High Occupancy, Low Energy: Multifamily Passive House

PH Multi-family Building
Rendering of Synapse Capital's multifamily Passive House building.

My firm, Synapse Capital, announced last December that our property at 542 West 153rd Street, which we are developing in partnership with Taurus Investment Holdings, would become the first Passive House market-rate rental building in Manhattan. The seven-story building, located between Broadway and Amsterdam Avenue in the Hamilton Heights neighborhood of Harlem, will contain 34 residential units consisting primarily of 1- and 2-bedroom apartments with amenities that include a resident lounge, rooftop garden, gym, bike storage, resident storage, 18 parking spaces and a Virtual Doorman system.

Passive House construction relies on modern and relatively inexpensive building methods, such as substantial exterior insulation, airtightness, minimal thermal bridging, and triple-pane windows to reduce energy transfer. Our vision for the property is to provide smarter, happier living by rethinking urban living from the ground up. In line with this vision, our decision to have the building meet Passive House standards is two-fold: first, we want to create a better living experience for our tenants, and we believe that focusing on the environmental footprint of our property is critical to achieving this goal. Offering our residents space in a highly energy efficient building provides a quieter and more comfortable living environment, which translates into longer retention and higher satisfaction for those who reside at the property. Second, the design ensures substantial operational savings as the owner of the property.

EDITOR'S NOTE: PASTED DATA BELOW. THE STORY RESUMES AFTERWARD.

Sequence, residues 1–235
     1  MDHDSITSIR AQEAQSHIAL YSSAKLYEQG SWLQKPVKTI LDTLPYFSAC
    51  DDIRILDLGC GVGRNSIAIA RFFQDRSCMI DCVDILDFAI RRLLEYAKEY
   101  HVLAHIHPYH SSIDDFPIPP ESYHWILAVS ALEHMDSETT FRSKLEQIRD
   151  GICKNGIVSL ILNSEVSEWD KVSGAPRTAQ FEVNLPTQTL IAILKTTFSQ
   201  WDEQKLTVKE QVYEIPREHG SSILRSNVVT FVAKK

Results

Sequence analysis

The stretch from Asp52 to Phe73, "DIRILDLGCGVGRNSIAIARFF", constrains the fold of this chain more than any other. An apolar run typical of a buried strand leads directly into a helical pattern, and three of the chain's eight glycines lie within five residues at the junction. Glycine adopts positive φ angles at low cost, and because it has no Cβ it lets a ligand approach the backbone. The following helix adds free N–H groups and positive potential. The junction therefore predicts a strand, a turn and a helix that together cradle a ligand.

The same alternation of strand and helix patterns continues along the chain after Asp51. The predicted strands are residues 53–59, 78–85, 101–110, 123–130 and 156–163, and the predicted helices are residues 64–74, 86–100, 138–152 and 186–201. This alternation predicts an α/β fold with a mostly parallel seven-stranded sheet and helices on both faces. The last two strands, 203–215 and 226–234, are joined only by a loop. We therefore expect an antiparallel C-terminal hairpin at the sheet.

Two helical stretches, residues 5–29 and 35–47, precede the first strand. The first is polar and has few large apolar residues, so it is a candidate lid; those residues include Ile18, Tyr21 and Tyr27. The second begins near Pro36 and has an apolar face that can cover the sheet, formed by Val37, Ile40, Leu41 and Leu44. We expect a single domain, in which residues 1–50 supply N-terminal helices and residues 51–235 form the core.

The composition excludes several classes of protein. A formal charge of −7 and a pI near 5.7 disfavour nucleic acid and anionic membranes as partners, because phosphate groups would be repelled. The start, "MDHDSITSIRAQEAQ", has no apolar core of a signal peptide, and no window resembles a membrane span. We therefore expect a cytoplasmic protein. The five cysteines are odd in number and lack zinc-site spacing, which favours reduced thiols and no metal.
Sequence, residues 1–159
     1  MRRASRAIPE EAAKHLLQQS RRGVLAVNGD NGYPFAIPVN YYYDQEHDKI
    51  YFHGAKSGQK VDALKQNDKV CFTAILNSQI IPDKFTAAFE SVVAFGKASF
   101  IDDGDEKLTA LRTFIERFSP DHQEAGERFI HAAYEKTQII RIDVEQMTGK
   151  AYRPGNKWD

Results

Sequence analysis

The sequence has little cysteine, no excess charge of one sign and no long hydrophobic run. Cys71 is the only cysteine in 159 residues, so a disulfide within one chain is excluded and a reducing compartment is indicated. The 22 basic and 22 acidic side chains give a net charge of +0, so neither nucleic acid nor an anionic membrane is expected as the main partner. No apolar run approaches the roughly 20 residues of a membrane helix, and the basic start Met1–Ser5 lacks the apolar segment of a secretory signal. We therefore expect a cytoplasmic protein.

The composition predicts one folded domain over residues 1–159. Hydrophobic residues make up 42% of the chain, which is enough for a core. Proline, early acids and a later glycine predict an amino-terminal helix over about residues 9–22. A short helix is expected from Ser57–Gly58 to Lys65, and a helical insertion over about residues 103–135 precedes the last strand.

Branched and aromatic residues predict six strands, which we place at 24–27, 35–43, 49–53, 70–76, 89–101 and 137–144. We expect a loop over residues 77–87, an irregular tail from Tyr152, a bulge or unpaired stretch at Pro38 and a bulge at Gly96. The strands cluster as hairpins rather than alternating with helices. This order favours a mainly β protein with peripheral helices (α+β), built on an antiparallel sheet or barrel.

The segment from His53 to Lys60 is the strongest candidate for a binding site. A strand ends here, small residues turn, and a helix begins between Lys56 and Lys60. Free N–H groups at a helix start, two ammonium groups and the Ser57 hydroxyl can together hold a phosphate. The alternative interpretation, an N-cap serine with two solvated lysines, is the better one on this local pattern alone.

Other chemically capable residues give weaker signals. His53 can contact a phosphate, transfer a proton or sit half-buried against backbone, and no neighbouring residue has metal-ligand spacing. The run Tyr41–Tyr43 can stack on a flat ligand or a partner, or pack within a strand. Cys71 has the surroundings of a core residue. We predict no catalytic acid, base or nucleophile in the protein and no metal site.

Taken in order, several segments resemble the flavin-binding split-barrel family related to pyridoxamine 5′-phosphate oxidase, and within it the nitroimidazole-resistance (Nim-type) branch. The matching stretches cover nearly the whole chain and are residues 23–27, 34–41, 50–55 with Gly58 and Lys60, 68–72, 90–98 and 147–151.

When we closed on the 9,900-square-foot lot with Taurus, Crain’s New York BusinessThe Real Deal, and Curbed covered the purchase and our plans for the building to become the first multifamily building in Manhattan to meet the Passive House standards, noting savings of 80-90% in energy costs versus those of a similarly sized building of a standard design and construction quality. Word of benefits like these is spreading: a handful of smaller Passive House buildings are already in existence in the outer boroughs, particularly Brooklyn; several countries in Europe, especially Germany, have been utilizing passive house technology for more than two decades already. Chris Benedict—our architect for the project, who specializes in constructing energy-efficient buildings at no additional cost to developers—is also building a 24-unit passive apartment building in Bushwick. We plan to complete the development of the project in Harlem over the next eighteen months.

Justin Palmer will be a panelist at the Façade Face-Off conference on 9/22. Join us to discuss the future of building facades in NYC and beyond. 

About the author

Justin D. Palmer
Justin is a Partner at Synapse Capital.